Li Shulei, a member of the Political Bureau of the Communist Party of China (CPC) Central Committee and head of the Publicity Department of the CPC Central Committee, delivered a keynote speech on March 23, during the opening ceremony of the second International Democracy Forum: The Shared Human Values (CHEN JIAN)
“There should not be just one door leading to the sanctuary of democracy, but many,”
“Democracy should come in many flavors, like ice cream,”…
These are views expressed by participants in the International Forum on Democracy: The Shared Human Values, held in Beijing both onsite and online on March 22-23. At the event, about 200 participants, including politicians, diplomatists, as well as scholars and other experts on democracy, from more than 100 countries, regions and international organizations brainstormed and exchanged views on democracy-related issues.
They reached the consensus that democracy is diversified and no one form is superior to another.
This year’s event is the second edition of the annual forum, which first launched in 2021. The forum was hosted by the Publicity Department of the Communist Party of China (CPC) Central Committee and the State Council Information Office and co-organized by the Chinese Academy of Social Sciences, China Media Group and China International Communications Group (CICG).
Li Shulei, a member of the Political Bureau of the CPC Central Committee and head of the Publicity Department of the CPC Central Committee, delivered a keynote speech during the opening ceremony on March 23.
“Democracy is a relentless commitment of the CPC and the Chinese people and an unswerving pursuit of China in promoting modernization,” Li said
He further stressed that democracy is the common value of humanity and serves as the foundation for building a community with a shared future for humanity. “Democracy is not only a method of domestic governance, but a principle of global governance,” he stated.
Democracy is diverse
“Democracy is diverse and there is no single way to achieve it. No two political systems in the world are identical and democracy does not come with a one-size-fits-all formula,” Li said.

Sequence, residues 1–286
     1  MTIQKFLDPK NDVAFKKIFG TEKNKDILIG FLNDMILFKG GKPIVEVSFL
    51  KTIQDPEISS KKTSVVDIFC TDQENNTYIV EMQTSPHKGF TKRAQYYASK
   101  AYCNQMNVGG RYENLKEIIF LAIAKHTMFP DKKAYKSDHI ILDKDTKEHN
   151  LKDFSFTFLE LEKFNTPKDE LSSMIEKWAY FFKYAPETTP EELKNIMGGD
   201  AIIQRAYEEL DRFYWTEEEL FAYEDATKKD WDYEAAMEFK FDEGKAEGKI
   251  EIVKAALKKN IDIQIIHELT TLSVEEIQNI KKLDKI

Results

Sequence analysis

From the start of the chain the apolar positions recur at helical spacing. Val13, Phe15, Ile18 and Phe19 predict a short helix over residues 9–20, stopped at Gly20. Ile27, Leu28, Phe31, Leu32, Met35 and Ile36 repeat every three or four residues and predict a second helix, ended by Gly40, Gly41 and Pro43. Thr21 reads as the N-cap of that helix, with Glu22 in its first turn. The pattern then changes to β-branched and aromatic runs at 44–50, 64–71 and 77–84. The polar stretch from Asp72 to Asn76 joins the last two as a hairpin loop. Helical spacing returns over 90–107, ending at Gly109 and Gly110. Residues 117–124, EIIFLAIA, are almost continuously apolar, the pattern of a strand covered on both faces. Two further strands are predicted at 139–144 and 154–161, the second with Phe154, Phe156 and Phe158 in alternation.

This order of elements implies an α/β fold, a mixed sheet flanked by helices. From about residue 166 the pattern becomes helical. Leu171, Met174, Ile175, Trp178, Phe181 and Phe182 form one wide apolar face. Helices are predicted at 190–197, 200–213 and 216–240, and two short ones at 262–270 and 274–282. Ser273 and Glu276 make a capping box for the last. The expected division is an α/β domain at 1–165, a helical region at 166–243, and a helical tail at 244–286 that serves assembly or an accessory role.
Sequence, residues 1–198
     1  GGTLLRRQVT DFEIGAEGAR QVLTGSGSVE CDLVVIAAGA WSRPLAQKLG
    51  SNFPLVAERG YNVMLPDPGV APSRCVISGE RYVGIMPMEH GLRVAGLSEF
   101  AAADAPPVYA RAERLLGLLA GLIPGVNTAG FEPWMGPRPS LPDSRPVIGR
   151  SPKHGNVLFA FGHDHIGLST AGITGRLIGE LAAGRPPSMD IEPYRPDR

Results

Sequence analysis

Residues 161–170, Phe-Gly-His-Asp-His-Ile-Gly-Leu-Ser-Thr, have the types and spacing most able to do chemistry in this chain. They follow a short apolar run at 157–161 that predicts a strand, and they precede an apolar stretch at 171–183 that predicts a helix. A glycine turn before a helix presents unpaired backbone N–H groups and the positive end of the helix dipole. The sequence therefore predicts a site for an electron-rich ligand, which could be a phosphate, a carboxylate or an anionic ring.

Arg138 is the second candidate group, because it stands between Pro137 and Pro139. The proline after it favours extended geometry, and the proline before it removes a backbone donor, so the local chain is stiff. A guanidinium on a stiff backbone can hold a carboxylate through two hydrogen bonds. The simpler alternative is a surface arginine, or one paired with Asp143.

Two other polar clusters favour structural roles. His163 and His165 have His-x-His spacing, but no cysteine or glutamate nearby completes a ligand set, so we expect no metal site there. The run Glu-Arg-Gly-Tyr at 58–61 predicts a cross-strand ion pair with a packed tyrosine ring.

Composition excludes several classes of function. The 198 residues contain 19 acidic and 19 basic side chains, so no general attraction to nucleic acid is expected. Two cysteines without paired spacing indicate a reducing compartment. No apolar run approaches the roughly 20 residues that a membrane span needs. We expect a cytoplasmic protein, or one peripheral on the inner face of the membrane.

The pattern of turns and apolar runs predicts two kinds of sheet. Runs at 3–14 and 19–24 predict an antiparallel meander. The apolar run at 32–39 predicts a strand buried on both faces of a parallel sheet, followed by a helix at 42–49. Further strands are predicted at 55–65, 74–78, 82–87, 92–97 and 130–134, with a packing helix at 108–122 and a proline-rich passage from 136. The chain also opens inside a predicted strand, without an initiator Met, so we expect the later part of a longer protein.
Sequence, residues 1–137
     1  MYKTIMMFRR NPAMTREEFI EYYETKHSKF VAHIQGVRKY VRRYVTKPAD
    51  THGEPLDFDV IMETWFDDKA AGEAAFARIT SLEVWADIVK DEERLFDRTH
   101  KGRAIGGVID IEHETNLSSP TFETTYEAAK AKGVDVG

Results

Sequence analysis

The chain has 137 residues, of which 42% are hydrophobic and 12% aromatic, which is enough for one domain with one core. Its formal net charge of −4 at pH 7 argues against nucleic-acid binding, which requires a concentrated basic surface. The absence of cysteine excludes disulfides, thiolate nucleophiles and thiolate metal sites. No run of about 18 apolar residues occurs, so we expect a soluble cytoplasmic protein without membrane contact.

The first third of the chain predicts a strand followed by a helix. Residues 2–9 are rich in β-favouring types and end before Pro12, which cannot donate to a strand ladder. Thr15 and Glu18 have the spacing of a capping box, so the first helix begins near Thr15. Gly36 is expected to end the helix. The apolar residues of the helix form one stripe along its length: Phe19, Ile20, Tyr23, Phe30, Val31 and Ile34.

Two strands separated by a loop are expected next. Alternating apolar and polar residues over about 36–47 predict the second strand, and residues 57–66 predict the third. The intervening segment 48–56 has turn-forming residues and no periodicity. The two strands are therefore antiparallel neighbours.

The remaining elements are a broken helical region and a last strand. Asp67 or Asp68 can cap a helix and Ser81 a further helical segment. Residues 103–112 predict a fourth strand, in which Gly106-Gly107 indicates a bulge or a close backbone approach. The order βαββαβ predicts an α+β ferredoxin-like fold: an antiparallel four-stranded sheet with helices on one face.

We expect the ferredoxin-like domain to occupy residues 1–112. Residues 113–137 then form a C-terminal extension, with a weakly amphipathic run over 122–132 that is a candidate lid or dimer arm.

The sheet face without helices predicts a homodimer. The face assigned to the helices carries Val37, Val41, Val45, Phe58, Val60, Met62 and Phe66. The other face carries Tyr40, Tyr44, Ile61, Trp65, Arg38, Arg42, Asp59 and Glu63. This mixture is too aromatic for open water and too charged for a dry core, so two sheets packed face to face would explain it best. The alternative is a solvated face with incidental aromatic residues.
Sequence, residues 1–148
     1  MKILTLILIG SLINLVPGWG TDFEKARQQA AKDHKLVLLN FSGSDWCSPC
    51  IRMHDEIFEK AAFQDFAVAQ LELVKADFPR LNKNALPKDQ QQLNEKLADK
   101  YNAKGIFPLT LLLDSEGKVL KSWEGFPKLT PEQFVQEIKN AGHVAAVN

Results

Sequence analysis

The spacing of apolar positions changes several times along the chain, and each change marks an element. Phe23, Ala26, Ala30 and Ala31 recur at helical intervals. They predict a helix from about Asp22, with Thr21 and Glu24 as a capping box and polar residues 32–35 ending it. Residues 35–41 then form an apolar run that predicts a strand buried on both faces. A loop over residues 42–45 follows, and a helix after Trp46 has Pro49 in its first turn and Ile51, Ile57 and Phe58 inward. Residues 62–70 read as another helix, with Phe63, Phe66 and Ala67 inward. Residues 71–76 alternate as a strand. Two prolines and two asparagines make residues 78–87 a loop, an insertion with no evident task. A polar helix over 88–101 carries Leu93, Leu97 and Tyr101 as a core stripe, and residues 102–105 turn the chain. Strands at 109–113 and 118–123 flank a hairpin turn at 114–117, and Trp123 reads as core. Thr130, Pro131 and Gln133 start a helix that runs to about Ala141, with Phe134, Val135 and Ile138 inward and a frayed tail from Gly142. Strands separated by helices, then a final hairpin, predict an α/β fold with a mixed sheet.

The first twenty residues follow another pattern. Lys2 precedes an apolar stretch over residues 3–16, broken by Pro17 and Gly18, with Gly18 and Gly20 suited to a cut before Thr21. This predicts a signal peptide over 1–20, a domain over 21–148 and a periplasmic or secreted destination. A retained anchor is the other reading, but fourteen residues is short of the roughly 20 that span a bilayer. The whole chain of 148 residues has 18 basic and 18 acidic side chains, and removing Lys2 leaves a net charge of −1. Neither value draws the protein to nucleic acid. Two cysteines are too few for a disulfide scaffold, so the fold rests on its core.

He emphasized that each country should choose its own democratic path, in line with domestic conditions.
According to a report conducted by the Academy of Contemporary China and World Studies, released during the forum’s closing ceremony, among the 9,660 respondents from 23 countries, 94.3 percent believed each country should choose democracy and modernization models that suit its national conditions.
The argument resonated widely among attendees. “Successful democracies should be based on the civilizations, cultures and realities in which they develop, because many failed democracies are imported,” Zheng Yongnian, President of the Qianhai Institute for International Affairs and a professor of international affairs at the Chinese University of Hong Kong (Shenzhen), said at the forum.
When it comes to capitalism, we know that the capitalism of the United Kingdom, the United States and Northern Europe, and that of East Asia differ from one another; that should apply to democracy as well, he said.
“Democracy differs even among Western countries,” he said, “It varies from the presidential system to parliamentary system, in the U.S. it features a two-party system, while in Germany they have six to eight parties, and the system in Indonesia has more than 100 parties.”
“What traps many people’s minds today is that they regard Western-style democracy, or the competitive election, as the only form of modern democracy, but if we really look into the history of democracy, that is only one of the manifestations of democracy,” Yan Yilong, deputy dean of Institute for Contemporary China Studies at Tsinghua University, said, “It’s unnecessary to copy the so-called standard answer from Western countries as every nation has the right to explore their own democracy.”
“Past experiences tell us once Western democracy was applied in other countries, it was not necessarily successful, evidenced by the examples of Iraq, Libya and Afghanistan,” Humphrey Moshi, Director of the Center for Chinese Studies at the University of Dar es Salaam, Tanzania, said. “There are still 400 million people in poverty in Africa. In this case, when a country has more than 10 political parties with each featuring different objectives and plans, such a democratic system will harm the cohesiveness of the country and therefore is not a good system.”
Nor has Western democracy generated good economic results for some Asian nations, including Thailand, Malaysia and Indonesia, which have all been drawn into the middle class trap, Zheng said. The middle class trap is the idea that pursuing the dream of being “middle class” actually means one would be trapped in a struggle when one should aim higher.